Oval Digest: End Game For Kidney After Horror Show In Rome
Well, that wasn’t pretty was it? After such a promising start, 40 excellent minutes against Wales were washed away with a poor 6 Nations. Irish international rugby is surely at its lowest ebb now since RWC 2007, with an ageing core, the expected retirement of a once in a lifetime player, and question marks over the fitness of guaranteed starters like Ferris and O’Connell.
It was a strange day. Irish fans were plenty in the 80,000 crowd, but were left with little to shout about. Yet again (how many more times does it need to be said), Ireland failed to show any sort of gameplan. It was as if the team didn’t train since the French game and decided, no matter what the opposition or weather gods threw at them, they’d kick the ball away just like against France.
The inconsistency of this team is utterly infuriating. Yes, injuries have made it very difficult to get any sort of pattern going, and Ireland were indeed decimated again on Saturday, but the lack of basic systems, most notably at lineout time, wrecked our chances of getting out of the ancient city alive.
Injuries to Marshall (who surely shouldn’t have started given his easy succumb to concussion), Earls and Fitzgerald meant Peter O’Mahony finally got to live out his fantasy of playing on the wing, while petulance from O’Driscoll in particular and Muray put Ireland down to 14 for 20 minutes.
Italy meanwhile turned up the pressure, inspired yet again by their imperious captain. Parrise is cut from a different cloth, and must surely be one of the top backrows in world rugby. Zanni impressed too, and, in reality, the Italians were fairly comfortable, batter static Irish carriers in defense time and time again.
Positively, both Madigan and Henderson showed why they should perhaps have been into the squad earlier. Madigan in particular looked excellent despite playing out of position, and his flat, wristy pass will surely be seen a lot at both provincial and 6 Nations level in the next few years.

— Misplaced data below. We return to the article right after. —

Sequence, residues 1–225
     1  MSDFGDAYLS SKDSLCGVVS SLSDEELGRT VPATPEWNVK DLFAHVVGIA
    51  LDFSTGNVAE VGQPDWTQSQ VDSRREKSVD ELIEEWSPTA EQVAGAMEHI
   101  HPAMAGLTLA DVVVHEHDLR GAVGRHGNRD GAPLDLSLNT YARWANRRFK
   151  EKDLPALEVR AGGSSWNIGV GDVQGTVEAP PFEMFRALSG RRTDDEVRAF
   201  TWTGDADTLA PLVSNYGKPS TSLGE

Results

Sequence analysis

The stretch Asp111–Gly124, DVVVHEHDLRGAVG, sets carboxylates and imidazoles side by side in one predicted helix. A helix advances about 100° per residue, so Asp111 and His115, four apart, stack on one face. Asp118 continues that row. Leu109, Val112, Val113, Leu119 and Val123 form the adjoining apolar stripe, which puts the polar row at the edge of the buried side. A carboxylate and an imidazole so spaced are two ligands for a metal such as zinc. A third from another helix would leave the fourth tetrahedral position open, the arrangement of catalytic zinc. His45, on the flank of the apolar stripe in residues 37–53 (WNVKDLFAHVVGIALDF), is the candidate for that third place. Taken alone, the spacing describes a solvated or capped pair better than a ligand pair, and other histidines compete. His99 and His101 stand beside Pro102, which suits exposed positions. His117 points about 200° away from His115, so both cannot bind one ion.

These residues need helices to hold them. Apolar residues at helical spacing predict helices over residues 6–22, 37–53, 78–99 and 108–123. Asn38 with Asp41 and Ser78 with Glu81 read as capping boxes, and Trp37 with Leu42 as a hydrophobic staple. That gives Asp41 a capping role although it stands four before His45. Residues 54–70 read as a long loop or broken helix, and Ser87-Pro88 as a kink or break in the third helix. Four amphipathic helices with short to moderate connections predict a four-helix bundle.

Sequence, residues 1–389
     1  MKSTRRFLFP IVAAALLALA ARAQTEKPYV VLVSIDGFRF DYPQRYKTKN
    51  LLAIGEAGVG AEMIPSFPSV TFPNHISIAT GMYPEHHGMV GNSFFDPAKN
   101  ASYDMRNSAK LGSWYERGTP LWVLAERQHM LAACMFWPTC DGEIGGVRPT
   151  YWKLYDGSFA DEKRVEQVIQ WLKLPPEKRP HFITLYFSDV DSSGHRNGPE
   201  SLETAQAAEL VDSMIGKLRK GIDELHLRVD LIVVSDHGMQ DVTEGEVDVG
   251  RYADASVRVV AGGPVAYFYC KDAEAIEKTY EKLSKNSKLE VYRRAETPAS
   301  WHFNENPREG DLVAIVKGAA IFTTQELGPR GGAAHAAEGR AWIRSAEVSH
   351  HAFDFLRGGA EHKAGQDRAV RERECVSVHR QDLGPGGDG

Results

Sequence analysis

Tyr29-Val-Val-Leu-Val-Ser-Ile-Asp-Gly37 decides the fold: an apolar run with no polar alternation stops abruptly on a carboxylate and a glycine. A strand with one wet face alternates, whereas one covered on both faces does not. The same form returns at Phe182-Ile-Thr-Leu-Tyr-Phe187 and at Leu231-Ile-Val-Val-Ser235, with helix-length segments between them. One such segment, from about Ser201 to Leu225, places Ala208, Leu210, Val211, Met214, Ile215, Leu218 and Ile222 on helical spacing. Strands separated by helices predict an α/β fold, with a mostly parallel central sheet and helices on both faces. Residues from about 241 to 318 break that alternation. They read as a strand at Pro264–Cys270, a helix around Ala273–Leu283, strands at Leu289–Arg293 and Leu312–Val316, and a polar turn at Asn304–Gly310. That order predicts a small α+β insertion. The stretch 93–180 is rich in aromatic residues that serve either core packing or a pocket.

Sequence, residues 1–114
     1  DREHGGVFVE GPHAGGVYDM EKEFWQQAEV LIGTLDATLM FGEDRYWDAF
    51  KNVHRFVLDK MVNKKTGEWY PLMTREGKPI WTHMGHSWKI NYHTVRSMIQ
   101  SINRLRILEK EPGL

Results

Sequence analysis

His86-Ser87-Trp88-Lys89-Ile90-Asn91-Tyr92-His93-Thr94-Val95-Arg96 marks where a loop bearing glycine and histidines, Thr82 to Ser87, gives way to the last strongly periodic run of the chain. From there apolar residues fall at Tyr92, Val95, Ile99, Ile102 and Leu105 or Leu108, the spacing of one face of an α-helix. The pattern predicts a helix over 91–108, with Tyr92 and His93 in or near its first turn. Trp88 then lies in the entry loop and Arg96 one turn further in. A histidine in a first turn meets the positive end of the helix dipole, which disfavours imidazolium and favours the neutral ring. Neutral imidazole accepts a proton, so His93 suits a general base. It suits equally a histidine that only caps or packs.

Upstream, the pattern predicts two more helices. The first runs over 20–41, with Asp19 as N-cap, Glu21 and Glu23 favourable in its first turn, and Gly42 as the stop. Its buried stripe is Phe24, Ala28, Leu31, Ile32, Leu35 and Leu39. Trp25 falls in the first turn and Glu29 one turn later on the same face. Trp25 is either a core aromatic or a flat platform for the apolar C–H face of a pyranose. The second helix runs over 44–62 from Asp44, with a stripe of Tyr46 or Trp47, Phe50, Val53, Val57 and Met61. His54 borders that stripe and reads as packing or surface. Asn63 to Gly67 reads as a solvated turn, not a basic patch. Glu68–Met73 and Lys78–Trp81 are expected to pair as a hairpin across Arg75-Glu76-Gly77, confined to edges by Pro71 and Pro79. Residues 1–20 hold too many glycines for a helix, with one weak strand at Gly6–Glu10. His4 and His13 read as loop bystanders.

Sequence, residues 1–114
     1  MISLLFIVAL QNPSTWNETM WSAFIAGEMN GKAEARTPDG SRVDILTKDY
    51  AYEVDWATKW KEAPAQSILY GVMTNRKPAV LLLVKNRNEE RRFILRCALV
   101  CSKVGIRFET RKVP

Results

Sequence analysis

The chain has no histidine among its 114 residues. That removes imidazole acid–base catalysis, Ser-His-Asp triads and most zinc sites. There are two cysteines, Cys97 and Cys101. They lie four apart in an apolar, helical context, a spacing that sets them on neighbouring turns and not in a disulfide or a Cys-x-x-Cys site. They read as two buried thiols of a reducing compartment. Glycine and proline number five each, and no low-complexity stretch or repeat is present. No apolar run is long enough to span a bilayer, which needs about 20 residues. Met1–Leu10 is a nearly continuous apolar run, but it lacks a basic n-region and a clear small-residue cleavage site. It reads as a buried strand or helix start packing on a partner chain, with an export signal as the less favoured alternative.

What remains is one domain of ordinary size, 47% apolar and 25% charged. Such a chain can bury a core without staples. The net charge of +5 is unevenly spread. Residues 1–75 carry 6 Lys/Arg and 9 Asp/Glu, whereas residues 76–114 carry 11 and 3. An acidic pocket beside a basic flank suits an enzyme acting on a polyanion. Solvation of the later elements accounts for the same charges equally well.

And so, we need to talk about Declan. The Kidney regime, which started so promisingly and fell away so speedily, amid spurious claims of ‘squad building’, ‘form choices’ and ‘attacking rugby’ is now surely over. Not even the amateur upper echelon of the IRFU could maintain this management team after that season, could they?
Ireland will benefit from a change of tact, and a new manager with fresh ideas. Even with the probable retirement of O’Driscoll, the core of a great young team is there, and potentially world class players like Zebo, Murray, Madigan, Gilroy, Marshall and Henderson can provide us with the next ‘golden’ generation.
The talk is that Kidney will learn his fate today, with rumblings of a replacement in the form of Ewan McKenzie already being lined up. This writer’s choice would be Joe Schmidt, but that’s unlikely and a move for the current Reds coach would be very welcome. A clean
slate is needed, and tough decisions need to be made now, before we get too deep into the world cup cycle.
Oh, and again, another shout out to the women’s senior team who took home the Grand Slam after a tough slog against Italy on Sunday. Well done to Philip Doyle and the team… perhaps we’re looking at our next manager under our noses?
Featured image from Irish Rugby’s official Facebook page.